- Project Architects:Yvonne Meier, Livia Schenk, Sigrid Wittl
- Team:Laura Burgener, Nigist Goytom, Christian Käser, Manuel Legier, Jaime Moreno de Cala, Christoph Oelhafen, Didier Oskam, Diana Rohner
- Competition:Manuel Lergier, Leja Führer
- Contruction Management:Rapp Architekten, Basel
- Structural Engineering:Schnetzer Puskas Ingenieure, Basel
- Hvac Engineering:Waldhauser + Hermann, Basel
- Electrical Engineering:Pro Engineering, Basel
- Landscape Design:Mettler Landschaftsarchitektur, Berlin
- Sanitary Engineering:Staub + Längle, St. Gallen
- Acoustics:Mühlebach Partner, Winterthur
- Facade Consulting:Neuschwander + Morf, Basel
- Colour Consulting:Andrea Burkhard, Zurich
- Lighting:d-lite lichtdesign, Zurich
- Fire Engineer:Rapp Infra, Basel
- Signage:New Identity, Basel
- Sculptures:Boris Rebetez
Text description provided by the architects. As a response to the considerable increase of its population, the community of Allschwil -a small town which develops without noticeable interruption at the border of the city of Basel- decided in 2011 to call for a competition for the construction of a school for 600 girls and boys. The place is characterized by its heterogeneity, with low- and medium-scale housing buildings, along with other education buildings and large commercial and infrastructure constructions.
Both the new searches from a pedagogical point of view, and the objective of leaving empty as much of the plot of land as possible, led us to propose two simple buildings: the school itself, which extends between the two streets that limit the plot, and a conspicuous building on the main street, where the most public uses are located. The resulting large exterior spaces guarantee the sought permeability and become a meeting place open to the whole community.
The two streets that limit the area have a difference in altitude of 1.80 m. This allowed us to organise the school into two parts, differentiating the area of the younger children from the one of the older ones. Between them, a programmatic and structural "bridge" offers a covered space for breaks on the ground floor, and common rooms on the upper floors (teachers, library, special rooms). Each sector is organised around a courtyard, which allows access of daylight in the areas of circulation. Thanks to that, they become additional places of study, with different degrees of intimacy, without a defined function. Thisextends their possibilities of use.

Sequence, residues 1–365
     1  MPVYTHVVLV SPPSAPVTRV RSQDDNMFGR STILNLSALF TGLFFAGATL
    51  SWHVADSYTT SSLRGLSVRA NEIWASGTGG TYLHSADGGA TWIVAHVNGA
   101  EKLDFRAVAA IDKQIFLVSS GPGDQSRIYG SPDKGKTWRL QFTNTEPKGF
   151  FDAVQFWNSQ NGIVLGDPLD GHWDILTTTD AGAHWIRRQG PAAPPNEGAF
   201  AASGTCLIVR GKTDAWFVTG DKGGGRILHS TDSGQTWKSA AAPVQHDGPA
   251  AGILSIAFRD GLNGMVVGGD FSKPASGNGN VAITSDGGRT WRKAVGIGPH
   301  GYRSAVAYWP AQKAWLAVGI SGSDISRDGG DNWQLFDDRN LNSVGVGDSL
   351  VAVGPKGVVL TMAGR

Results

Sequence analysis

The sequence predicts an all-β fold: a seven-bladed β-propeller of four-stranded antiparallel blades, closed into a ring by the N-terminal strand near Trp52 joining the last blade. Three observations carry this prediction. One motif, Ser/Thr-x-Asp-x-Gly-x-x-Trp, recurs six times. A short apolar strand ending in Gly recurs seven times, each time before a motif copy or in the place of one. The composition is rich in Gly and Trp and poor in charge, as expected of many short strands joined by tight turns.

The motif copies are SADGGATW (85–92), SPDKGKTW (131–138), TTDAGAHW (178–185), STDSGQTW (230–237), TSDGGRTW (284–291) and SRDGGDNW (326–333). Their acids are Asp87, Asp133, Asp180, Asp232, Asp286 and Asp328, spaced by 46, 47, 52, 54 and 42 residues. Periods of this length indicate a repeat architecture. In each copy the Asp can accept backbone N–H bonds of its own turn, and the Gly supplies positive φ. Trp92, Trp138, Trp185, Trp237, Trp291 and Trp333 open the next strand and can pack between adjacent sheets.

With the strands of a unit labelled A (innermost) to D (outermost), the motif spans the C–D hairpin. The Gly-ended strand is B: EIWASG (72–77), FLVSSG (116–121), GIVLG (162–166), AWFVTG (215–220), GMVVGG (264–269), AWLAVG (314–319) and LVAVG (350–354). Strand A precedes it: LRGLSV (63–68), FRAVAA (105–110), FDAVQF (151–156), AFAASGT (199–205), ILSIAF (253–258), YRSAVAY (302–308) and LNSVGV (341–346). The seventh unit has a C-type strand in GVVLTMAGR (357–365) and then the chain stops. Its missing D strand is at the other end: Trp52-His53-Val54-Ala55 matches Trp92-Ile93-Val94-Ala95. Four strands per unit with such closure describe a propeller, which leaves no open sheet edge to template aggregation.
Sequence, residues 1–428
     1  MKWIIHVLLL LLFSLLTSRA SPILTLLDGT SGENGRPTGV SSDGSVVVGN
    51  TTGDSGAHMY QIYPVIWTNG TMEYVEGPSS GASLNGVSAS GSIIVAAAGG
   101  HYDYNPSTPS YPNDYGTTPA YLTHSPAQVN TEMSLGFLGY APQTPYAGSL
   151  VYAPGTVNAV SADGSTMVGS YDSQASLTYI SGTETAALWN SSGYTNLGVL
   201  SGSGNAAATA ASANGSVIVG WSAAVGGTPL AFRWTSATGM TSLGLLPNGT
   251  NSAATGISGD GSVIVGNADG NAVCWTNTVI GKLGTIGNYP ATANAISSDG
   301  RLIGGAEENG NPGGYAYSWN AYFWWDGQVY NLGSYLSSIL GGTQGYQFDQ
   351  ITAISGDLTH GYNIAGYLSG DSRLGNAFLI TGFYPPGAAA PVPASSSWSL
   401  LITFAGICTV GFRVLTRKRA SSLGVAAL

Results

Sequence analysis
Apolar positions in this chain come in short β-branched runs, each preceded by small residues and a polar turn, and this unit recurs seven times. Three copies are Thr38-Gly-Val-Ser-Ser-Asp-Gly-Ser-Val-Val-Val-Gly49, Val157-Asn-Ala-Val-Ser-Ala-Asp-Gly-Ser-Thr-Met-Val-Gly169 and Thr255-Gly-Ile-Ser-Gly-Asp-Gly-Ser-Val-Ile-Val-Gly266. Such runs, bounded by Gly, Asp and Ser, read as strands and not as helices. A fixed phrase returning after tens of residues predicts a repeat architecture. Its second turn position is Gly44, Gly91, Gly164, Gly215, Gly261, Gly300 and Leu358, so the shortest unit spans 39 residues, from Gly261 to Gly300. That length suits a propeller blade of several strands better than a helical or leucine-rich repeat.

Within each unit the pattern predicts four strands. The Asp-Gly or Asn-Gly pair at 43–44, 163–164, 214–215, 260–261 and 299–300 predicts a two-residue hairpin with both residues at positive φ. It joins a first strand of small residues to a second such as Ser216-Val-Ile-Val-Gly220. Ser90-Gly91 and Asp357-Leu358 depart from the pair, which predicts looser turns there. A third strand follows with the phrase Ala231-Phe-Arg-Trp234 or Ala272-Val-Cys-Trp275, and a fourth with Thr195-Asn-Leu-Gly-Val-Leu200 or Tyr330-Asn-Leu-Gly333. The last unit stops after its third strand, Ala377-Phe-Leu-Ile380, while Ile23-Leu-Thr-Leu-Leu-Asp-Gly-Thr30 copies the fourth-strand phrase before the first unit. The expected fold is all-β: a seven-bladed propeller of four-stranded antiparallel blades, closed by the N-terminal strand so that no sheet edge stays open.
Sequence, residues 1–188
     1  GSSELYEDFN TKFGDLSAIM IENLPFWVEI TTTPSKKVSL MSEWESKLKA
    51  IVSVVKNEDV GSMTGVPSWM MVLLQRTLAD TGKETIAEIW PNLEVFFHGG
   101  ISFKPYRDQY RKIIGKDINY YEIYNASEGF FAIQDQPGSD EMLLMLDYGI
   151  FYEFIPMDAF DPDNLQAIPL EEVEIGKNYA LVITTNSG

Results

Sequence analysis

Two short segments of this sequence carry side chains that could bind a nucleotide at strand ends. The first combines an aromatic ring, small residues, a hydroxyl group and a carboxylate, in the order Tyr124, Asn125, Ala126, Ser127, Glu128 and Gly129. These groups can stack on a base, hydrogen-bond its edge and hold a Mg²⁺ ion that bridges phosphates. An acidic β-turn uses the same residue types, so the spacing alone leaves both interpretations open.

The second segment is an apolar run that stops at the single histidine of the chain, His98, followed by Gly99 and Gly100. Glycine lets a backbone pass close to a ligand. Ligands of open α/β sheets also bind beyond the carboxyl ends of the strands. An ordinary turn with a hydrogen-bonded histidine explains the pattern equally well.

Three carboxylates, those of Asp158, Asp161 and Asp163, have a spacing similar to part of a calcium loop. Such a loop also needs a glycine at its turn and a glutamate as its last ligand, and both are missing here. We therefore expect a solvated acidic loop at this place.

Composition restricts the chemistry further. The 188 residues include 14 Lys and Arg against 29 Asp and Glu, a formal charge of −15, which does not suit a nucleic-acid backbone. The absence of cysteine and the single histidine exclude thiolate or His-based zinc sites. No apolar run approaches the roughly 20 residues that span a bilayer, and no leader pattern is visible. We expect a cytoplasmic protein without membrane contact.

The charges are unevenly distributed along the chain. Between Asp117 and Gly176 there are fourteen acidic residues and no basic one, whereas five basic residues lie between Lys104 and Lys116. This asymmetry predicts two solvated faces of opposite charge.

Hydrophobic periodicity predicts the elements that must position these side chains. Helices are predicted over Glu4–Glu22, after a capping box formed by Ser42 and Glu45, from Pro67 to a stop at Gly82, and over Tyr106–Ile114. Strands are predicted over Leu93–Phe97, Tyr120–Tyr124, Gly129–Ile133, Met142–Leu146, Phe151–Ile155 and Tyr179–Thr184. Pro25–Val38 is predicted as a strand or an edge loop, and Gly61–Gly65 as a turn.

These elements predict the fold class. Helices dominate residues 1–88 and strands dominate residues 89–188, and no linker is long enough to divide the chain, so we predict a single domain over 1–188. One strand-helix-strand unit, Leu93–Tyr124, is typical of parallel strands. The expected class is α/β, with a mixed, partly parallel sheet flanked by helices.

Each classroom has a room for group work. Between both spaces, a glazed wall and a shelf allow teachers and students to decide the degree of transparency desired by filling the shelf more or less densely. The same happens with the transparent divisions between the classrooms and the circulation areas. In both cases we seek to encourage users' appropriation of such spaces.
The decision of raising the sports hall to the first floor liberated the ground floor for other uses like the auditorium, which acquires a very public character. Shortly after the inauguration, this space has ceased to be merely part of the school, becoming a very popular place, for political meetings, concerts, plays, and for activities that the community has imagined since the completion of the building.
Aluminium tubes define the last layer of the facade. In the school they serve as a parapet for the balcony that surrounds the entire building, as brise-soleil and as a filter between the outside and the inside for the classrooms. In the sports hall, they cover the opaque parts and conceal the circular windows. The continuity of the tubes, their expressive horizontality, the accent put on the differentiation of the different levels of the school: an abstraction as an answer to the question of how a public building of these dimensions can look like. In the school building, each parapet-element -six meters wide and in ten different colours- acts as a large pixel. The variations of light and shade change the appearance of the building constantly, encouraging an active perception. Four of the ten colours define the building of the sports hall, used in such a way that they accentuate the lack of main and secondary facades.